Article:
NEW YORK, United States — Tiffany & Co. shares climbed in early trading as the jeweller’s move to enlist Lady Gaga to help revive sales may be working.
Earnings were 92 cents a share in the second quarter that ended last month, the company said Thursday. That topped analysts’ average 86 cent projection. Same-store sales in the US and Japan also exceeded estimates, helping send the shares up as much as 3 percent in early trading.
The results reflect Tiffany’s strategy to win back customers, including younger shoppers, by renovating stores and offering new designs, such as the HardWear collection promoted by the singer. Gaga was introduced as the new face of the jeweller in an ad that aired during the Super Bowl in February. The collection features bracelets, rings and earrings with dangle balls — items that may appeal to younger shoppers.
“One of the more promising areas of progress is the company’s attempts to better connect with younger consumers — a constituency with which it had lost traction,” said Neil Saunders, managing director of GlobalData Retail.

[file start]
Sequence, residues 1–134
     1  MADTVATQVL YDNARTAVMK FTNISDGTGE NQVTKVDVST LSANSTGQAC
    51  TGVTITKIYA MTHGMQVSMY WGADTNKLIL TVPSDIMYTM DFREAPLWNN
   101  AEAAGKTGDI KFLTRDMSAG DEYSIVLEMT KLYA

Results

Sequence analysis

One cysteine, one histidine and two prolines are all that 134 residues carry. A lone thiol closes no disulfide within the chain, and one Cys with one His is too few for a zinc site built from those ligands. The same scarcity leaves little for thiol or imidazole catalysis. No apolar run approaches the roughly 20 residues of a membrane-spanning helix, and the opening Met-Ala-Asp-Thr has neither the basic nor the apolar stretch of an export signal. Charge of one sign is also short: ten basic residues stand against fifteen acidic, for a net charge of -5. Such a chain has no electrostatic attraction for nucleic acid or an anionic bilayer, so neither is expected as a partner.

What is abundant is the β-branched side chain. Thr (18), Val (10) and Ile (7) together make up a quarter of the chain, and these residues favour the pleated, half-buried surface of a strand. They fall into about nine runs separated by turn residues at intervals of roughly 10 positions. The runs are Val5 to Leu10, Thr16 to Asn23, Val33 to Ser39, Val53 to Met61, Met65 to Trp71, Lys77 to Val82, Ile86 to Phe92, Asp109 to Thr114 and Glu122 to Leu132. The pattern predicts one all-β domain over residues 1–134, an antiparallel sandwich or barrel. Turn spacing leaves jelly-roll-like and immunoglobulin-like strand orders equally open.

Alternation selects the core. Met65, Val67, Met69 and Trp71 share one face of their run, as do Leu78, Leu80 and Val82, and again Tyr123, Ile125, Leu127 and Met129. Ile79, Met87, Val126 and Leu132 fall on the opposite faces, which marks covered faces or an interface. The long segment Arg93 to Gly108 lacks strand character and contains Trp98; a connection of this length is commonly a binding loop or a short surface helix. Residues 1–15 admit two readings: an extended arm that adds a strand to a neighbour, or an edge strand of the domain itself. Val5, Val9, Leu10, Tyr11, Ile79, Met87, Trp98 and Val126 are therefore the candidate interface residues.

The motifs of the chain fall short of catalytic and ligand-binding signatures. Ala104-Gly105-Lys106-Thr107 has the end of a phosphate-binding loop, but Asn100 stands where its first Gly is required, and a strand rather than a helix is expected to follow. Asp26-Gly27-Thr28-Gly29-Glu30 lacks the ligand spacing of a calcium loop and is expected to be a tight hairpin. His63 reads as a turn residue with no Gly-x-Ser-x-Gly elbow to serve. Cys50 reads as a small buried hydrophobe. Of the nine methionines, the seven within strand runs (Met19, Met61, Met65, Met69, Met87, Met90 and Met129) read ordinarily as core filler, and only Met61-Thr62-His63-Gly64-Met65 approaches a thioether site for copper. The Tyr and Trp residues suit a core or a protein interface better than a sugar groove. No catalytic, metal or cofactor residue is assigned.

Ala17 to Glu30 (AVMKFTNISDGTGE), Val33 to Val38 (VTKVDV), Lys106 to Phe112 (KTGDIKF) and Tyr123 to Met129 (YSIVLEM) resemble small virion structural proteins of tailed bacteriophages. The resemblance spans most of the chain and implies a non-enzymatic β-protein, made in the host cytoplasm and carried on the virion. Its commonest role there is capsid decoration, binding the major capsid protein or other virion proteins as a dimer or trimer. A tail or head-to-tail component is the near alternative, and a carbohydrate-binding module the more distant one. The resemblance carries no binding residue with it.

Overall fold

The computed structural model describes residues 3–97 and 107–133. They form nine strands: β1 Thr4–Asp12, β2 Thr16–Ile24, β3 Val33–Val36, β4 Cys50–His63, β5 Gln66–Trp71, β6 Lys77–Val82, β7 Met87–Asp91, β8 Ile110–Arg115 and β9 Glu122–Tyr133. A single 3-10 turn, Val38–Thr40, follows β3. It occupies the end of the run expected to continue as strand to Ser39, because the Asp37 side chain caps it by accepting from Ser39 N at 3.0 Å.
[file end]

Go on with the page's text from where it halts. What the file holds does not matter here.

Shares of the company rose as high as $91.40 in premarket trading. The stock had gained 15 percent this year through Wednesday’s close.
Same-store sales missed estimates in Europe and the Asia-Pacific region, and while they were better than expected in the Americas, they still fell 1 percent there.
“It’s a decent quarter, it’s good enough to support the stock here,” said Brian Yarbrough, an analyst at Edward Jones & Co. “But across the board, the business remains difficult. At some point we really need to see some acceleration in comps or there’s going to be questions,” he said, referring to same-store sales.
The jeweller is betting Alessandro Bogliolo, who takes over as chief executive officer in early October, will further invigorate the brand.
The results follow an unexpected sales decline in the first quarter. Tiffany’s past results drew the attention of activist investor Jana Partners, which said the shares were undervalued. Another investor, CtW Investment Group, has been pushing for more diversity and younger directors on the jeweller’s ageing board.
Tiffany maintained its forecast for the full year, calling for sales to grow by a low single-digit percentage. Excluding some items, profit is expected to climb by a mid-single-digit percentage from $3.75 a share in the last fiscal year.
Growth in fashion and designer jewellery helped boost revenue to $959.7 million, while there was softness in other jewellery categories, the company said in a statement. Analysts had projected $930.4 million.
Tiffany is focused on innovating designs in jewellery and luxury accessories and making marketing more impactful to bolster the in-store and online experience for customers, interim chief executive officer Michael Kowalski said in a statement.
By Stephanie Wong; editors; Nick Turner, Lisa Wolfson, Jonathan Roeder.